Although we are spoiled for choice in Australia with over 60 different manufacturers vying for our hard-earned dollar, our draconian ADR rules and legislation mean that sometimes we miss out on some interesting vehicles. Hypercars such as the Bugatti Veyron, McLaren P1 and LaFerrari are examples, with Ford denying us its upcoming GT supercar, F-150 Raptor and Mustang Shelby GT350, flying in the face of its so-called ‘One Ford’ policy. Here are some interesting cars we presently miss out on. If you pine for any vehicles sold only overseas, feel free to express your thoughts in the comments section below.
In 2013 Nissan showed the Friend-ME concept; a four-door car aimed at China’s Gen-Y and ‘Millenials’ – a generation seen to have lost interest in cars. The Friend has more of an emphasis on social networking. The following year, it morphed into the Lannia concept, with the recently revealed production version keeping most of the design details intact.
China is a market obsessed with sedans, but the Lannia’s silhouette is a fresh take on what is usually a predictable, conventional shape. Based on the same platform as our (comparatively snoozy-looking) Pulsar, the Lannia features bold, concept-like surface treatment, an interestingly complex grille and a floating roof – not often seen on a sedan. Seemingly, it is to a Pulsar what a Juke is to a Qashqai, but right-hook versions would have to be considered before this interesting- looking car made its way here.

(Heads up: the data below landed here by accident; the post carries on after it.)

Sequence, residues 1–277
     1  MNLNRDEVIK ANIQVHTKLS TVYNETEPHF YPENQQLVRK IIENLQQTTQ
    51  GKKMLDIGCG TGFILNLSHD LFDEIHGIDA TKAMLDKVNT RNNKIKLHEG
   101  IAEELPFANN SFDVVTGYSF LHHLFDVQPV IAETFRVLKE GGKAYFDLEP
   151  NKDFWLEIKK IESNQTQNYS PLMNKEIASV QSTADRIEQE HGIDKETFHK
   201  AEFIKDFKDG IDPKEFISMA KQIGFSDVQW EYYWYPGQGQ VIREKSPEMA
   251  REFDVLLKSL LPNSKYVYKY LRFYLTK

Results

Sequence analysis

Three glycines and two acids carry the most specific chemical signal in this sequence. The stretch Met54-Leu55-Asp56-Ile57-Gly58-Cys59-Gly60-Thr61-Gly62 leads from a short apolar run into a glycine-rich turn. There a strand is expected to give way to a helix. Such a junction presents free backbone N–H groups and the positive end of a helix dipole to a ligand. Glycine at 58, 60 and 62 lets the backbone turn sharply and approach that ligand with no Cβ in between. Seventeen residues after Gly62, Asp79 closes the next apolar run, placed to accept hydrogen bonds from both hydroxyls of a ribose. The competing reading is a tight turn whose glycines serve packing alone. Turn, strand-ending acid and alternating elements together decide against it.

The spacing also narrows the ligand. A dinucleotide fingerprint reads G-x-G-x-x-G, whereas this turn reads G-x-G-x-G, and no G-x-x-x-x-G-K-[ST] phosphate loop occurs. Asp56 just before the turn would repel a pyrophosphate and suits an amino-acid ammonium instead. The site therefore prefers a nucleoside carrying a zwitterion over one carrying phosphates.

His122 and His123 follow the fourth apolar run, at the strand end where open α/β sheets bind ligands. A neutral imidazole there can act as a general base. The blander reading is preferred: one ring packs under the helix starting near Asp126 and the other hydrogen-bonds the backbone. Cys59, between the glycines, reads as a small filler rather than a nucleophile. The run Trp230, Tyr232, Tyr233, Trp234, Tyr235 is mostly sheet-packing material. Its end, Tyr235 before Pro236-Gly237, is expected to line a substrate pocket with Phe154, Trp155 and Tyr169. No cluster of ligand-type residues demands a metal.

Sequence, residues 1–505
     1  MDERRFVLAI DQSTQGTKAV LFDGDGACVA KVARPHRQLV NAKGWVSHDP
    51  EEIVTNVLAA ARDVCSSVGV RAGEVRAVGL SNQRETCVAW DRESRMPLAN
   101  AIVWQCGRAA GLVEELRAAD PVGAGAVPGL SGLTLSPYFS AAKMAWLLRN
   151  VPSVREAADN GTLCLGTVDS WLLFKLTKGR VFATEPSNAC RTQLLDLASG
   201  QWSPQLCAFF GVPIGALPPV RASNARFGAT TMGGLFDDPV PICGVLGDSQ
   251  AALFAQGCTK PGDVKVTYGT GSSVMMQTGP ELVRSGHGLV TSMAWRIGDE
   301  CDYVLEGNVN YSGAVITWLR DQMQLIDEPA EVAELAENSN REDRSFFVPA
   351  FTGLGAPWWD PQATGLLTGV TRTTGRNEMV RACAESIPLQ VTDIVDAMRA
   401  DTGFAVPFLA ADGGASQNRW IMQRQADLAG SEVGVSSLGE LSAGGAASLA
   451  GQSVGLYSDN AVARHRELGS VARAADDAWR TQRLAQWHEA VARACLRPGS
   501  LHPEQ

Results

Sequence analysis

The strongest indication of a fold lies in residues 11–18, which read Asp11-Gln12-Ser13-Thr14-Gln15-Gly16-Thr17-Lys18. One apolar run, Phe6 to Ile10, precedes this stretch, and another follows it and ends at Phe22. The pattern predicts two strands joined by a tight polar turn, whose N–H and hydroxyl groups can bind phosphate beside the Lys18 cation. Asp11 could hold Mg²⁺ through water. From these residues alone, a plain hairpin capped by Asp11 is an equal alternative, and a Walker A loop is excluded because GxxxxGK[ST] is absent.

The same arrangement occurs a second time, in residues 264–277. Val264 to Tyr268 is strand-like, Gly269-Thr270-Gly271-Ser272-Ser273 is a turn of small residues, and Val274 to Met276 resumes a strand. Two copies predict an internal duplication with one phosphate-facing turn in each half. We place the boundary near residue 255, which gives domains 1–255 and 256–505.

Australians have much to cheer about, with the newest generation Mustang finally making its way to Australia. The waiting list is now well into 2017, but perhaps the most desirable Mustang ever will remain a forbidden fruit for now. The delicious ‘Coyote’ is swapped for a ‘Voodoo’ flat-plane V8 in the new GT350R, featuring a crankshaft layout usually seen on Ferraris, good for a stratospheric 8250rpm. The 392kW and 581Nm outputs may be down on the supercharged GT500 predecessor, but it delivers those numbers with a level of finesse its forebear could not even approach.
In another cruel twist, the world-first carbon fibre wheels are supplied by Geelong company Carbon Revolution – a talented component supplier showing true Aussie innovation in defiance of an industry many have written off. If you want a GT350, the only avenue might be an aftermarket conversion company.
Dodge Challenger/Charger SRT Hellcat
The current kings of the horsepower wars are the nuclear Hellcat monsters from Dodge, with 707hp (528kW) and 880Nm of sheer violence sent rearward via a sophisticated eight-speed automatic. With all that power you’d be forgiven to expect these cars to be death-traps, but from all accounts they are quite civilised when they want to be. Capable of 0-100km/h in 3.8-seconds, a quarter mile in 11, and a HSV-humbling 328km/h top whack, it’s fair to say we would do unspeakable things to get our hands on one. Rumour has it Chrysler Australia is working on a way to get it here, so fingers crossed. Here it is facing off against the world’ quickest sedan; the Tesla Model S P85D.